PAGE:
Thanks for all your thoughts.

  Holographic_man 21:41 14 Apr 04

machow this is my first ever site click here and I am happy with it and so is the group. It may not be a top notch site but it proves that in a weekend one can put up a web site with NOF, try it I will be certain you will get along fine with it.

I have none of the experience of either Taran or the Forum Editor so perhaps I would be out of turn to speak.

However I believe, and i do agree that NOF is an excellent package, that it is only easy for beginners in certain ways. My personal experiences with it were tat it was fairly difficult to get it to do what You want. great if you want to use the inbuilt styles and templates (and yes it has a good supply of those)but it is fairly awkward if you want to use you own custom style, I found that just setting the bakground colour to be a case of really having to force the issue.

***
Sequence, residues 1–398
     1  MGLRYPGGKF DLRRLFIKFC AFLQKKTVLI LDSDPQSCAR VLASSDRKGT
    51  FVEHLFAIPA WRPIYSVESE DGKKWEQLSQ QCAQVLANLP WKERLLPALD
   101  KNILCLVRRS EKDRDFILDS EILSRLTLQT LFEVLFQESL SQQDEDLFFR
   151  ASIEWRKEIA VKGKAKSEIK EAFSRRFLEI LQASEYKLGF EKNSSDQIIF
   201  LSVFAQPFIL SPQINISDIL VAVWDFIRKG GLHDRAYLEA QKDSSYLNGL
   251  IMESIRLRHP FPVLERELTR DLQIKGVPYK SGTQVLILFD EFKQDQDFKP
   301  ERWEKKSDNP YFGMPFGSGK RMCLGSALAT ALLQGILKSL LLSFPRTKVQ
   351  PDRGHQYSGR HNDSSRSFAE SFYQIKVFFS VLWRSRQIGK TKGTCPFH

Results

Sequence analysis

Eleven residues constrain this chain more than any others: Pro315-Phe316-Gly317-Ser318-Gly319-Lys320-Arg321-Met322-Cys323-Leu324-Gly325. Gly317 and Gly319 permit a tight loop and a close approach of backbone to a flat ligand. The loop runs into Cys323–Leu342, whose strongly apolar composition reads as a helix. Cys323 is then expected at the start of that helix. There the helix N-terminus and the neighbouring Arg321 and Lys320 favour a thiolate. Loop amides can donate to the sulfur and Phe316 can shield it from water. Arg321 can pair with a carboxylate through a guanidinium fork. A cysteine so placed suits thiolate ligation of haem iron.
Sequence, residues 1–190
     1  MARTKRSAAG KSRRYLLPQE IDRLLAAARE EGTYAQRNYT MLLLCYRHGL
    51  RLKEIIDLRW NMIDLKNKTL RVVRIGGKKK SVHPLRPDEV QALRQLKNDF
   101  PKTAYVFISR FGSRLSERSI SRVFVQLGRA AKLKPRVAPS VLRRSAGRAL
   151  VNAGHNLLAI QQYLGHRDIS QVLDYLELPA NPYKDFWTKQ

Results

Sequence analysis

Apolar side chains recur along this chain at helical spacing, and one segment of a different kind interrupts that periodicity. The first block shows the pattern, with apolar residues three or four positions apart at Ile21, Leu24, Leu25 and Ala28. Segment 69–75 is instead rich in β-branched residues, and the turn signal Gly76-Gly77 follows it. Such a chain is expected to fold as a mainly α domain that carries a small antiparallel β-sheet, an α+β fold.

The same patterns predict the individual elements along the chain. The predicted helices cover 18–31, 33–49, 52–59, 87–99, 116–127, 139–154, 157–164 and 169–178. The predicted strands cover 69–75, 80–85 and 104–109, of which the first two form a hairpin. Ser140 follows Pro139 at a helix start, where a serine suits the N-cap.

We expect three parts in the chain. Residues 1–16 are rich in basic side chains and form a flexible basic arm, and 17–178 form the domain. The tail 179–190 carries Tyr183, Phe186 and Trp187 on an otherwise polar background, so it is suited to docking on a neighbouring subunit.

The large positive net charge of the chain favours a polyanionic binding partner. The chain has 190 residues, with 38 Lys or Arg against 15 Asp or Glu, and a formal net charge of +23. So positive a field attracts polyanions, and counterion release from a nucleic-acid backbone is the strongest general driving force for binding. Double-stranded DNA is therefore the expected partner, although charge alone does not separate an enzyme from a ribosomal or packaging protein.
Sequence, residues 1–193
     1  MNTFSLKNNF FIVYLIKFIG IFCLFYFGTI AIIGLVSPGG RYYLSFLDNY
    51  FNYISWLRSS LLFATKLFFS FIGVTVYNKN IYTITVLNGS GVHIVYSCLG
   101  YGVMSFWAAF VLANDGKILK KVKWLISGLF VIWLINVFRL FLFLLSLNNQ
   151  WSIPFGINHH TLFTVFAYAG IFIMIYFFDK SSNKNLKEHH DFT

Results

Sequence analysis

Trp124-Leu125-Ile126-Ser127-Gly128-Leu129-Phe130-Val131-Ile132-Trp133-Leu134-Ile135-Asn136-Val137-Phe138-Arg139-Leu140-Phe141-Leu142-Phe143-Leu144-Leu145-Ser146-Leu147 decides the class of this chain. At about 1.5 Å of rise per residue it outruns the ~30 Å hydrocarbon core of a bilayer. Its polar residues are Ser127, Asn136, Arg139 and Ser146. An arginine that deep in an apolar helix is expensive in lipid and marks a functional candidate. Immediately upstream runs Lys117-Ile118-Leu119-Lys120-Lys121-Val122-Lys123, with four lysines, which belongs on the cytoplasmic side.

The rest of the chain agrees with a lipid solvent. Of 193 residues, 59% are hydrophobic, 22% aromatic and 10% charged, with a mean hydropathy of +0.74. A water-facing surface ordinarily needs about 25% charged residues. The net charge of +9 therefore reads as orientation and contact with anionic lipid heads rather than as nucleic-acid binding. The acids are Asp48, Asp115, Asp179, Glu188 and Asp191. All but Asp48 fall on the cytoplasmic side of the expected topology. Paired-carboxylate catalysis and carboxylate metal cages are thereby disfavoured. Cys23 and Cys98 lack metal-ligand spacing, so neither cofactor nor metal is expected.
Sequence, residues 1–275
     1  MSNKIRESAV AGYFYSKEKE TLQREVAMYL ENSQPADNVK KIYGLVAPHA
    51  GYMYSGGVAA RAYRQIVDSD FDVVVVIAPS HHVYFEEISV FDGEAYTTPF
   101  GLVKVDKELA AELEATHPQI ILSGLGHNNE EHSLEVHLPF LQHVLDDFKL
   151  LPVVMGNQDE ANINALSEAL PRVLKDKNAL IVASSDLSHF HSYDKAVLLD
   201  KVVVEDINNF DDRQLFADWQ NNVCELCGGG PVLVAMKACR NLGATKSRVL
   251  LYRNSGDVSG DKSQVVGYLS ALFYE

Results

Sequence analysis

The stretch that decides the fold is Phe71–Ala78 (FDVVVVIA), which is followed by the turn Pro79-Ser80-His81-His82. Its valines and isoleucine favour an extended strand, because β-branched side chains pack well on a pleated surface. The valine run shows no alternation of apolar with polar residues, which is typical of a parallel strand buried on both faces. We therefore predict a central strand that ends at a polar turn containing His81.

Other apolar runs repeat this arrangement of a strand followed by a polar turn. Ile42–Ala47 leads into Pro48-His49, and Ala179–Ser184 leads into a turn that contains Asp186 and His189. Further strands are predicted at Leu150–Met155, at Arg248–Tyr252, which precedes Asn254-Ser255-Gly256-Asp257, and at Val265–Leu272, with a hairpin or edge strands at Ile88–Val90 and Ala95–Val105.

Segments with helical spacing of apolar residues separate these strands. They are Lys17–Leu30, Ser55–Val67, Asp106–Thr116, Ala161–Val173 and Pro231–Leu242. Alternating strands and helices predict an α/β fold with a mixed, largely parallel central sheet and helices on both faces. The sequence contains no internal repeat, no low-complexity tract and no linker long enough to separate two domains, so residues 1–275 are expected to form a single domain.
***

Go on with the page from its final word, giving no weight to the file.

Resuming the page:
the real bugbear comes when you are perhaps a month or two into your learning experience, NOF makes it very difficult for you to work with the actual HTML code. I appreciate that it's nice to be insulated from that in the very beginning but it's never long before you want to paste in some HTML (for an Amazon ad for instance to use a current problem one of our fellows in the forum is having)


In truth and I re-iterate that my experience is limited, I find that Dreamweaver is much easier for a novice to use. OK give a two year a tricycle but if you wanted to teach an adult to ride surely you'd put her straight onto a bicycle? Dreamweaver gives you much easier access to the actual code, and I would argue that the properties inspector is much easier to use than the corresponding part of NOF. Add to that the excellent tutorials built in to dreamweaver and the plethora of third party tutorials available on the net and it's hard to see how Dreamweaver couldn,t be recommended for a beginner.